Why are Conservatives Happier?

Conservatives report higher happiness than liberals. Why is that? Maybe idealism comes at a price.

Conservatives tend to be happier than liberals.*
This is a consistent finding, replicated across different studies in different countries.
In particular, conservatives “reported feeling there was more meaning and purpose in life than liberals did.”
Even though the differences aren’t huge, I found it interesting to hypothesize why that might be.

Here’s one explanation, which is somewhat cynical, but probably there’s some truth to it: Wealthy people, the ones living in nice neighborhoods who send their kids to private schools, are typically conservative, because they want to keep their wealth and privileges in life. And yes, those folks are probably going to have an easier life than poor people, and they’ll be happier.
Reality isn’t this black and white, though: Very wealthy tech types often vote liberal, while poorer immigrant families (e.g. Latin Americans or Russian immigrants in Europe) often vote conservative.

Another explanation, which the study alluded to, is: “Conservatives tend to do the kinds of things that lead to happiness, like getting married and having children and, yes, going to church.”
Nowadays, we tend to be somewhat cynical towards all of these “conservative” things (and so am I, to some extent) – but these old-school things like marriage and religion tend to really make people happier, on average.

Another angle (which interests me most) would be to look at it more from a psychological perspective: Liberal folks are typically idealistic, they want more social justice, they are more open to different cultures and ways of living. They want to change the status quo.
The problem is that the gap between the status quo and this idealistic state is so striking that such a person will probably feel defeated sooner or later. Societal change happens very slowly.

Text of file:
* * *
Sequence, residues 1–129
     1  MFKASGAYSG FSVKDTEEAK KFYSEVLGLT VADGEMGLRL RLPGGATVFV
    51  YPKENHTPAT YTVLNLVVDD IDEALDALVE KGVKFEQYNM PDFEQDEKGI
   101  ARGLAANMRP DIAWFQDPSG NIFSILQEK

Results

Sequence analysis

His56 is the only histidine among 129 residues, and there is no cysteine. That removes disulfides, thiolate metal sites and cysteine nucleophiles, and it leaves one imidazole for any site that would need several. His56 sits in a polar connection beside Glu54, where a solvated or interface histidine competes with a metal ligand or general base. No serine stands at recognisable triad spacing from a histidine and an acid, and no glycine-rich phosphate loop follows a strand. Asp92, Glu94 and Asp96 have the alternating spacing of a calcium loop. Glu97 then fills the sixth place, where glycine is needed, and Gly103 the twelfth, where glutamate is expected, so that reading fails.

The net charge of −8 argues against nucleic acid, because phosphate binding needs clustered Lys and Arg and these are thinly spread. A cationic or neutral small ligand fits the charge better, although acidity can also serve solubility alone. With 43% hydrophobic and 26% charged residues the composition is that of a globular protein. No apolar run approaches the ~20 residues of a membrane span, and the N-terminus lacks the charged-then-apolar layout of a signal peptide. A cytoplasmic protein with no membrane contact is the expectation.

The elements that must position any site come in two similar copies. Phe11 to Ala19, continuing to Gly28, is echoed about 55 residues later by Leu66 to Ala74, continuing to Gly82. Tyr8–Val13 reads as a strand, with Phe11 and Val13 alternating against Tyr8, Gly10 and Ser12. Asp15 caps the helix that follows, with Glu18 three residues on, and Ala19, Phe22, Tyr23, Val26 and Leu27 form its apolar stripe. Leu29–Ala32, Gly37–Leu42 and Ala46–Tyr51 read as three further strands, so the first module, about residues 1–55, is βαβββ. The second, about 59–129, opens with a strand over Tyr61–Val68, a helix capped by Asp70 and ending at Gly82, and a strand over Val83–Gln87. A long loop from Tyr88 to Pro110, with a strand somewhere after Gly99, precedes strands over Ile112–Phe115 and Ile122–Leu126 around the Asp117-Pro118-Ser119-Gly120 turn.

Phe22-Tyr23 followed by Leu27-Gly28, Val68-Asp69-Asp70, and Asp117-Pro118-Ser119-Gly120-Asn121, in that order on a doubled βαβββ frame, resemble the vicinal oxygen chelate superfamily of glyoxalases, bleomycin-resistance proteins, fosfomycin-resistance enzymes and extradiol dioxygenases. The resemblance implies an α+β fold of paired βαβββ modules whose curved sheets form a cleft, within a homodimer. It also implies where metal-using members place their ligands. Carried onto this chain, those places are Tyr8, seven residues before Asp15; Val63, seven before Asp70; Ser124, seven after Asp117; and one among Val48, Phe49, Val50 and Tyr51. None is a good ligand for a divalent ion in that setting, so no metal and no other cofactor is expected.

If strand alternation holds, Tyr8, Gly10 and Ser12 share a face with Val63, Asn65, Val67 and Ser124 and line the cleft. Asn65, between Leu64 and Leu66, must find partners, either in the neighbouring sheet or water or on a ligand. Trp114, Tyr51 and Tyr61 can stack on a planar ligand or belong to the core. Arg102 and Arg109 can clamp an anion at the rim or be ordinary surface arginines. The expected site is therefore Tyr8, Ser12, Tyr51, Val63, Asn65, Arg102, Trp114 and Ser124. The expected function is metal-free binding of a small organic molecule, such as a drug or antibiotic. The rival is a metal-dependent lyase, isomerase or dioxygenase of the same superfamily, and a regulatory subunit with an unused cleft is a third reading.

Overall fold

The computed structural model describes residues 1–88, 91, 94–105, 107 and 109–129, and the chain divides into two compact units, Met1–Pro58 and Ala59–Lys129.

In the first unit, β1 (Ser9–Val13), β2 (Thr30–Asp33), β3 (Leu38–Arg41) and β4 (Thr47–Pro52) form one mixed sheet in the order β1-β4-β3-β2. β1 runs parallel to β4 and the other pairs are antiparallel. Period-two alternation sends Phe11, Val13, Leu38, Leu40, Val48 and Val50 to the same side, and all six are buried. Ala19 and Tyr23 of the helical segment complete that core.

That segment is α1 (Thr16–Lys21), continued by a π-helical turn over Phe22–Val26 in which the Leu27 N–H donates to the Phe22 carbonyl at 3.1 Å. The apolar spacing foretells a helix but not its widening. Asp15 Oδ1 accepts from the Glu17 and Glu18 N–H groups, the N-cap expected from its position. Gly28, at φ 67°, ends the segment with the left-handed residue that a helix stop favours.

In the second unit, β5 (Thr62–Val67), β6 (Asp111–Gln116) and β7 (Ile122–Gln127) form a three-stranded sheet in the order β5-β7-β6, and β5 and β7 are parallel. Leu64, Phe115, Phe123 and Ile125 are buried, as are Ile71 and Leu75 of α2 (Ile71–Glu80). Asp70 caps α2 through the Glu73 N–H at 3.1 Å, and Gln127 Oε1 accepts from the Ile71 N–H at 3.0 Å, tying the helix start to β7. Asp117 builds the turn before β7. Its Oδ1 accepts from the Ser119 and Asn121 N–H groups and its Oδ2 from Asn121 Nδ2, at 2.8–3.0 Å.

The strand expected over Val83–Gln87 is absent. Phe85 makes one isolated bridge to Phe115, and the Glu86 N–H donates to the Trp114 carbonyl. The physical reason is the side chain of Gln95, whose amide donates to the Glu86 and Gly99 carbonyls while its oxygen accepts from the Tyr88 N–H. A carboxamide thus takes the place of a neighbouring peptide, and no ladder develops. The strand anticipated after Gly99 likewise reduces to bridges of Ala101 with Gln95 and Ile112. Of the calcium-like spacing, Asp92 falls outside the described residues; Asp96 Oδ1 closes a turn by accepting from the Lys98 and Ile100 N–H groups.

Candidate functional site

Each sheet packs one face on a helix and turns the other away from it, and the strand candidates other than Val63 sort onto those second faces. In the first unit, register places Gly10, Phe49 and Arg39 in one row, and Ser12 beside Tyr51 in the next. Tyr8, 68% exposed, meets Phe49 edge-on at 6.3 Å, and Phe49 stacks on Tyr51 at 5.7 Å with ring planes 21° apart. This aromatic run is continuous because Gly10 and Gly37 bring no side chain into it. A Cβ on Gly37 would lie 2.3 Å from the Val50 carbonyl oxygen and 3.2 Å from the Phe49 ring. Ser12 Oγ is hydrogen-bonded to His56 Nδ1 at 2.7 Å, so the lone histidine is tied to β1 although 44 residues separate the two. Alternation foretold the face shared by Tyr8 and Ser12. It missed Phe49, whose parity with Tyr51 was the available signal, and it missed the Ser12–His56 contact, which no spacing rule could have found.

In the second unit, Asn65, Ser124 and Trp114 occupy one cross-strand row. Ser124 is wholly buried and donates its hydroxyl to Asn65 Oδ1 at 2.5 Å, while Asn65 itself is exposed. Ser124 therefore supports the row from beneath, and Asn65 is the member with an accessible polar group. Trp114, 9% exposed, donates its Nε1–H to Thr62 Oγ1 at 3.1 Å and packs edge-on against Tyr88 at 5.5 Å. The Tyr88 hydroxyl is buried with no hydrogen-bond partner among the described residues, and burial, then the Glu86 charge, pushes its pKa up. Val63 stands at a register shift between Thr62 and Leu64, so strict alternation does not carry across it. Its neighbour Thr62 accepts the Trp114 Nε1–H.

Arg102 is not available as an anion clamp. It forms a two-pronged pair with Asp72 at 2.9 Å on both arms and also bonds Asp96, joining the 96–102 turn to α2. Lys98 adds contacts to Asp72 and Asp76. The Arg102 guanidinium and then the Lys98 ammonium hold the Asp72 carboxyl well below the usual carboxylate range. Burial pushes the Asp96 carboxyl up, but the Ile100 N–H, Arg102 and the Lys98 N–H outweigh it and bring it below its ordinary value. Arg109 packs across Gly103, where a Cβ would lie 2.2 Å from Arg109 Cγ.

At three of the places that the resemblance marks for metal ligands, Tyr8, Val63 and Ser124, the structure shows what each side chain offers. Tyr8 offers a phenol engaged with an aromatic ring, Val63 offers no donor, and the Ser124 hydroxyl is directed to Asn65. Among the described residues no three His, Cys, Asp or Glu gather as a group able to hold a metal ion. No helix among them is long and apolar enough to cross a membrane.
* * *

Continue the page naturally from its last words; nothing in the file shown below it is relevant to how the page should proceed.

Conservative folks typically want to keep things as they are or as they were before. They have a pretty good idea of what their ideal world would look like (typically including marriage, financial stability and going to church).
The thing is: all of these things are (somewhat) realistically achievable. And even if you can’t find a partner, at least there’s hope. Hope is the key word here. For an idealistic liberal, there might be less hope, because they don’t know if the world they dream of is realistically achievable (and how that world would even look like, which makes it even harder to find hope. And hope for a better future is essential if you want to be happy).

I think there’s something to be learned here: If you hope for big changes in society and our world, you’re probably going to be dissatisfied a lot.
If you’re an environmental activist, you probably will always be somewhat pissed off because things are not really moving forward.
If you oppose capitalism and want the gap between rich and poor to be closed, you’re probably going to be angry a lot living in the West as everything becomes more capitalistic and expensive, while billionaires become richer and richer and fly into space.

Does this mean you shouldn’t want the world to be a better place? No.
But you should know that your idealism likely comes with a price: a good chunk of your happiness.

* Note to people outside the U.S.: “Liberal” in this context means “politically left” (i.e. typically more welfare, higher taxes for the rich etc.). What we call liberal in Europe is not the same – Americans would call that “libertarian”.